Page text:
The Order of the Pon-Ju Warrior

This story started as a tweet, and I decided to expand it:

Grace Leung had been having nightmares for as long as she could remember. They were always some variation on mazes, shadows, and whispering. That night, the night Luis visited, she was in a place that looked like her school, but the halls were narrow and shadowy, and around every corner, other kids were huddled in circles, talking about her, laughing at her. She was scared of them. Scared they would try to hurt her.

She woke up to the sound of a scream. It had taken her weeks to realize it was her own scream, cut off by her waking up. She waited for her mother to run in and comfort her, like she always did, but there were no footsteps. She opened her eyes and sat up in bed. Across the room, a dark-haired boy about her age was was sitting on her toy box. He was wearing a white tunic and tall boots. He sat up straight with his hands at his sides.

“Lights!” she called. The lights came up to half-strength. She glanced at the security panel on her door. “Why are you in my room?”

The boy regarded her calmly, “My name is Luis, and you’re Grace,” he said.

“Where is my mom?”

“She is asleep,” he said, gesturing in the air towards their room. “So is your father, and…” he gestured again, in another direction, “your sister.”

“Why are you in my room?”

“I understand why you’d be upset. This situation is unusual. I am sorry for that.”

“Why. Are you in. My room.”

“Alright…” He collected himself for a moment. “I’ve seen your nightmares, Grace. I wanted to tell you why you’re having them.”

She didn’t say anything.

“I know how that sounds, but it’s true. I had nightmares a lot like them. After a while, they came to me in the daytime.”

“How did you know about that?” she asked.

“Because it happened to me. I’m not trying to trick you.”

She thought for a while, and finally she said, “Tell me about yours.”

He clenched his jaw and swallowed hard. “They were always in the ship I grew up on, lots of hallways and blinking lights. There were shadows everywhere, and monsters in the shadows. The monsters always looked like my parents.”

“Why do we have the same nightmares?”

Another gulp. “Because there’s something in both of us, a power. It can do all these amazing things. It can make you strong and fast. You can read minds. You can even see the future! You can do almost anything, if you can figure out how.”

“Tell me,” she could barely say it. “where the nightmares come from.”

“It’s a part of the power that’s full of fear and anger. They call it a shadow. It’s dangerous. It starts in your dreams, then it comes in the daytime.”

Tears started rolling down her face. “I hear it when I’m awake. It whispers to me,” she said.

“You hear whispering?” She nodded and wiped away her tears with the heel of her hand. “For me, it’s visions, like nightmares, but in the daytime. They never go away. It’s… hard.”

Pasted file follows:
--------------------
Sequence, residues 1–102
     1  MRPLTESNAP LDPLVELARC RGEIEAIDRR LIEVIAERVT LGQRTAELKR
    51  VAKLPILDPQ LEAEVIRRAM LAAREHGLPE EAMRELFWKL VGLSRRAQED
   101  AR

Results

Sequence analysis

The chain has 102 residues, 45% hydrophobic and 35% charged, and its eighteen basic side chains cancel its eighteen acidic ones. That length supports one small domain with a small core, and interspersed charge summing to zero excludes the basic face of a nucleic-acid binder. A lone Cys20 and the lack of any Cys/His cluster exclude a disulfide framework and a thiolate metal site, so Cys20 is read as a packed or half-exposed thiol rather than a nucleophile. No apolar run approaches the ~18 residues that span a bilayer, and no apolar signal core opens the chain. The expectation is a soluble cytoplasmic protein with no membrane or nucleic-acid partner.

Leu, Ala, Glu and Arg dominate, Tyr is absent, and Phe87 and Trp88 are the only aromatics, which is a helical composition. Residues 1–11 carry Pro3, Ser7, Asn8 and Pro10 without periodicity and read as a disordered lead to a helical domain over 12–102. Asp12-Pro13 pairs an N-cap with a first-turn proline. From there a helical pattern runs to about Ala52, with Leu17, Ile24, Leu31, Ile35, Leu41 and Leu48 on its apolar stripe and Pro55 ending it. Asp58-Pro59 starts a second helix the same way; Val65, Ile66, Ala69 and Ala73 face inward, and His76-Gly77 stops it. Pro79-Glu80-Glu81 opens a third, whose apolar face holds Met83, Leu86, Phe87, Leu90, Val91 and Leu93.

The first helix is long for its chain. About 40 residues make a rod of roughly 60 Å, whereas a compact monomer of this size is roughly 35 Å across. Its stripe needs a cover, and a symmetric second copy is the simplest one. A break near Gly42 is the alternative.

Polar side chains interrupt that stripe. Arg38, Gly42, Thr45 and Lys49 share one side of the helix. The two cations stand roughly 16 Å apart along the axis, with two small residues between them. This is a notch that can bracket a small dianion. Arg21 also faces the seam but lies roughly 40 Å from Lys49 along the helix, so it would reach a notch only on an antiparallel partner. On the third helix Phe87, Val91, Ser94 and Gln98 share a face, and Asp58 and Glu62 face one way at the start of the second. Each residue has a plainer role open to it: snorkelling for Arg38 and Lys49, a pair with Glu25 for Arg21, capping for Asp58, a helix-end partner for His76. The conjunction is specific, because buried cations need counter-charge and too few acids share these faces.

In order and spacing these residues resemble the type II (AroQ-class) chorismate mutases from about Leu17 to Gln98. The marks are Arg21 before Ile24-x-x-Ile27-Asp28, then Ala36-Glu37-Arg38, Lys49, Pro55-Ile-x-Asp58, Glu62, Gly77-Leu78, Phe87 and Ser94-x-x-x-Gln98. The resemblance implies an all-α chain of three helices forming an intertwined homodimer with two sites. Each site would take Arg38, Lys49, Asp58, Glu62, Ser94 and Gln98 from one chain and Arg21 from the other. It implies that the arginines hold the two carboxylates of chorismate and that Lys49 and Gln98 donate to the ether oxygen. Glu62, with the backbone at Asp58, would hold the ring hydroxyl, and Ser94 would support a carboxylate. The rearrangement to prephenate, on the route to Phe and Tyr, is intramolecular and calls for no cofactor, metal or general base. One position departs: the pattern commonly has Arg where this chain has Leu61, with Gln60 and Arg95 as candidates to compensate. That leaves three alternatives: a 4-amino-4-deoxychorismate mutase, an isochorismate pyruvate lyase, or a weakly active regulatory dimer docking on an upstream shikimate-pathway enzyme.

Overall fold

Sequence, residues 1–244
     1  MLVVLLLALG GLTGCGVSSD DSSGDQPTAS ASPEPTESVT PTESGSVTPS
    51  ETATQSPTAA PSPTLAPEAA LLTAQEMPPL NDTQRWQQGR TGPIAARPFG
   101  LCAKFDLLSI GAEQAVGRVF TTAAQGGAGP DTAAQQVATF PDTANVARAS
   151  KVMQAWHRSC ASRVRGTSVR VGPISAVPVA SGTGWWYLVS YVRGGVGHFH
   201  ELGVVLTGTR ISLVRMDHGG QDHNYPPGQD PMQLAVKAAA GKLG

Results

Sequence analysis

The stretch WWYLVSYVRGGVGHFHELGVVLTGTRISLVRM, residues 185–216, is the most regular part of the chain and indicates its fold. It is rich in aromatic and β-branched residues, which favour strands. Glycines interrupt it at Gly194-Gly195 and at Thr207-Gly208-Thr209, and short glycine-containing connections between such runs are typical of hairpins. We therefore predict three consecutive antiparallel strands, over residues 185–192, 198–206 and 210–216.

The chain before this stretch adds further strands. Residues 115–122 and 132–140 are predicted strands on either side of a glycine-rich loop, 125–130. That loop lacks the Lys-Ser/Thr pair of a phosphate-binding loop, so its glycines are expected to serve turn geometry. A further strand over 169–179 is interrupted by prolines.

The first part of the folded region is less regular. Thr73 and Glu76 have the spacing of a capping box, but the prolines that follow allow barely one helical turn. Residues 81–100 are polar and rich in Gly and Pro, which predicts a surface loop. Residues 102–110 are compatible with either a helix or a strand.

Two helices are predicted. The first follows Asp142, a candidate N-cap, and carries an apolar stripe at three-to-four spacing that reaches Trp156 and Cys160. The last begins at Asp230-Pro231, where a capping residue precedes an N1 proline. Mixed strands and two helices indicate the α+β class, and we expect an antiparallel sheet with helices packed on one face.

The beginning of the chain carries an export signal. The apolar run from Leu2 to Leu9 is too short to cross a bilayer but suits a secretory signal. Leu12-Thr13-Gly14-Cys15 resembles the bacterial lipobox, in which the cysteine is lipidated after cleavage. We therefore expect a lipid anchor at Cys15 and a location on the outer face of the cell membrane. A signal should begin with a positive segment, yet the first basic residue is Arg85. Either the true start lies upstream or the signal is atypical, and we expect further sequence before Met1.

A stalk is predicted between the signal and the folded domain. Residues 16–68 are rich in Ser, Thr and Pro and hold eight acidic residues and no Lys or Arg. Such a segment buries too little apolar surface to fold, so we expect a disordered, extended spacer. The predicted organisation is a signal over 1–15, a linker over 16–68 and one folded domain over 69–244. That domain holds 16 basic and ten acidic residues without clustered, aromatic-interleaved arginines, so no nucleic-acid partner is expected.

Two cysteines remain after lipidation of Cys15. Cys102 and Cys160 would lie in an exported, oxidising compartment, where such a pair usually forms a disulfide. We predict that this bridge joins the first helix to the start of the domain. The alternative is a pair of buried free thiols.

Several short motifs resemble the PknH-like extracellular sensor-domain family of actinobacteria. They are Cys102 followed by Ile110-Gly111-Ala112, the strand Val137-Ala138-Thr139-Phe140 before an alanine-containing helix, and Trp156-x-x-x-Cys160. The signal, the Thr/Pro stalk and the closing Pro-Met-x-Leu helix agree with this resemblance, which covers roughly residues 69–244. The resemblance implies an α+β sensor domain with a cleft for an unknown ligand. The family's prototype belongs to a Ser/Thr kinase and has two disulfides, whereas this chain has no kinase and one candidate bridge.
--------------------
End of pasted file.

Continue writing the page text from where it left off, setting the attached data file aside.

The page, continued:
They were both quiet for a few seconds.

“How did you know?” she asked.

“About your nightmares? We can hear each other. All of us.”

“You said you saw my nightmares,” she said.

“For me, it’s like seeing. Other people say they can smell it.” He hesitated. “It’s not quite seeing or hearing. It’s like something else.”

“Will the nightmares ever go away?” she asked.

“No. I’m so sorry. They won’t. Ever.” He waited to say the next part. “They get worse. They tell you that everyone you love hates you and wants to hurt you, and after a while, they tell you to hurt them first, to keep everyone around you scared so that you can feel safe. And you’ll have the power, so—”

“I could do it. I could hurt them. My friends.”

“Yes. But your family is who we worry about. You’ll hurt them first,” he said.

“It’s true. That’s what it wants. I hear it all the time.” She started sobbing now, her face contorting. “What do I do?”

“We can help you. There’s a lot of us!” He leaned in. “We are called the Order of the Pon-Ju. We can teach you to meditate, to calm yourself, find a balance. It just takes time to learn.”

“Can you—” Her voice broke again. She took several deep breaths until she thought she could speak again. “Can you train me?”

“Yes!” He was excited. “But you would have to come with me right away. Staying here is dangerous.”


“The shadows would make you hurt your family. I’ve seen it. It’s awful.

“Can I even say goodbye?”

“If you try to say goodbye,” he started to cry too. Silent tears. “They’ll never let you go.”

“How long before I…?” She couldn’t say it.

He stared at the ceiling for a moment. “Days? When it happens, it happens fast.”

“I can’t. I can’t just—”

“I know,” he said. “This all happened to me, too. But there’s another thing you should know. We can’t get to everyone. Some can’t master the meditation, so they leave. Some refuse to come with us. Some of them, we never find. And when they turn, we have to… stop them.”

She pulled back against the headboard. She stopped crying. He continued.

“A lot of them are organized. They call themselves Shadow Soldiers. They’re strong, so we have to be strong, too. We made something to fight them with.”

“So if I say no?”

He pulled a device from his hip. It was like the barrel of a blaster but with a trigger button instead of a grip. He made a show of wrapping one finger around the button. There was a whip-cracking sound and then a low, steady hum. A shaft of glowing, silver energy extended a meter from the barrel. “This is a plasma-sword. It’s the traditional weapon of the Pon-Ju Warrior…”

(C) Copyright Orion Ussner Kidder, 2018

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